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What will the PM say to Donald Tusk when she invokes Article 50?

Theresa May and Donald Tusk

Next week Theresa May has to write her "Dear Donald" letter to the European Council President, Donald Tusk. But, Jill Rutter says, there is no script for this unprecedented move – so how might she decide to start the long goodbye?

The Prime Minister could write our Article 50 exit letter in several ways, with different purposes in mind. If the aim is to make constructive and rapid progress, the best options would be to take the initiative and start to frame the process she wants to see. But she will also be conscious of the domestic audience as she signals her intent.  

Some possible options ahead of triggering Article 50 on Wednesday:

Short and sweet

Technically the Prime Minister need do no more than give notice that the UK intends to leave the EU. She really needs to write nothing more than:

Dear Donald, we’re off. 

But that means missing an opportunity to do more. Below we look at what that might look like.

Set the mood

She could add some diplomacy, drawing on her Lancaster House speech.

Dear Donald,

As you know, on 23 June the UK people decided that the UK should leave the European Union and I hereby give notice of our intention under Article 50. As I and my colleagues have made clear, it is in our mutual interest for the UK and the EU to thrive, and my desire is that our negotiations set us on a path to a positive new partnership between the UK and the EU that recognises our continuing ties and shared interests.

Pitch the process

Another option would be to make a pitch for the negotiating process that the UK would like to see, a counterpart to the emerging guidelines from the EU.

Dear Donald,

I am today giving you notice of the UK’s intention to leave the EU in accordance with the processes laid out in Article 50.

In the view of the UK Government, the best way of meeting the terms of Article 50 is to agree the exit arrangements and a new comprehensive Free Trade Agreement in parallel. As you know, I am particularly keen that we reach rapid agreements on the rights of all our citizens who have chosen to exercise their rights of freedom of movement and live in the UK or another EU member state. I would hope to conclude this agreement outside the formal Article 50 process, so that we can give our citizens the assurance they deserve.

I hope you and fellow European Council members will give due priority to a speedy resolution to remove this uncertainty. I am also keen that we can move quickly to find a solution to the special issues, which I know the Council appreciates around the border between Northern Ireland and the Republic.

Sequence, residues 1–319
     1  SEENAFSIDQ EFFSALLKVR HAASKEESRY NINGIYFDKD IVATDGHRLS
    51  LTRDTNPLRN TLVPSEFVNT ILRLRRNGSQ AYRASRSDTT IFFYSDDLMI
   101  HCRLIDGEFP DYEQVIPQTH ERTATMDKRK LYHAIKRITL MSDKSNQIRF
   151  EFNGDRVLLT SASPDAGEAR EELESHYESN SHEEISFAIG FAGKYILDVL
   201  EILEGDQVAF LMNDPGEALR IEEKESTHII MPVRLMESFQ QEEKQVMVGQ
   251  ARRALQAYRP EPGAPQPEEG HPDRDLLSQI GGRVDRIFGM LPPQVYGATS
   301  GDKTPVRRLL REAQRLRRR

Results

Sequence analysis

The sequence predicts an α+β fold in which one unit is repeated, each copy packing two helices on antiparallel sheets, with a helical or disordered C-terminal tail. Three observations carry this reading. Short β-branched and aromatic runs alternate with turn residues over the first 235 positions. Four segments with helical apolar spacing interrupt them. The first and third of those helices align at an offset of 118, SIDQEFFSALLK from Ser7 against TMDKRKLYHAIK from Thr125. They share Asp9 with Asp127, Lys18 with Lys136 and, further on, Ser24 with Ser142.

Make an offer

The Prime Minister could go further and add some substantive offers to her letter. That could be on EU nationals – or even money.

Dear Donald,

I am today giving you notice of the UK’s intention to leave the EU in accordance with the processes laid out in Article 50.

I realise that time is pressing and there is much to be resolved in a short period. To make progress, I have instructed my negotiating team to table proposals for guaranteeing the reciprocal rights of citizens and a proposal on resolving the issues around the so-called “divorce bill” with Michel Barnier.

We believe these proposals offer a constructive basis for future engagement and will allow us to move swiftly to discuss the vital issue of the comprehensive free trade deal we firmly believe is on the economic and political interests of the 27 member states as well as the UK.

Throw down the gauntlet

An alternative option would be for the Prime Minister to set her baseline – as zero.  This may play well for a domestic audience but may reduce her room for manoeuvre in the future.

Dear Donald,

On 23 June the British people voted to leave the European Union. Article 50 obliges me to give notice of our intention to leave, which I hereby do on behalf of the people of the United Kingdom.

There are urgent issues to resolve – not least on the outstanding issues of UK nationals with residence rights in other EU countries and their counterparts who have chosen to live and work in the UK. I also want to make progress on resolving the issue of the border in Ireland.

But as the UK prepares to leave the EU, I must warn you that I can see no justification for the UK making a vast exit payment after years in which it has been a substantial net contributor to the EU budget. Nor will I be able to accept any arrangements which retain ECJ jurisdiction through the backdoor. I also give notice that we will regard 29 March as a cut-off for future inward migration from the EU. We have a mandate from the people to “take back control” of our borders and our laws. If this ultimately means that there is no “deal” – something I believe is in neither the interests of the UK nor the EU27 – then the UK will ensure it is ready to cope with the consequences.


The Prime Minister may end up with a mix of these approaches – or do something completely different. Next Wednesday we will no longer have to speculate – and the next phase of Brexit will begin.


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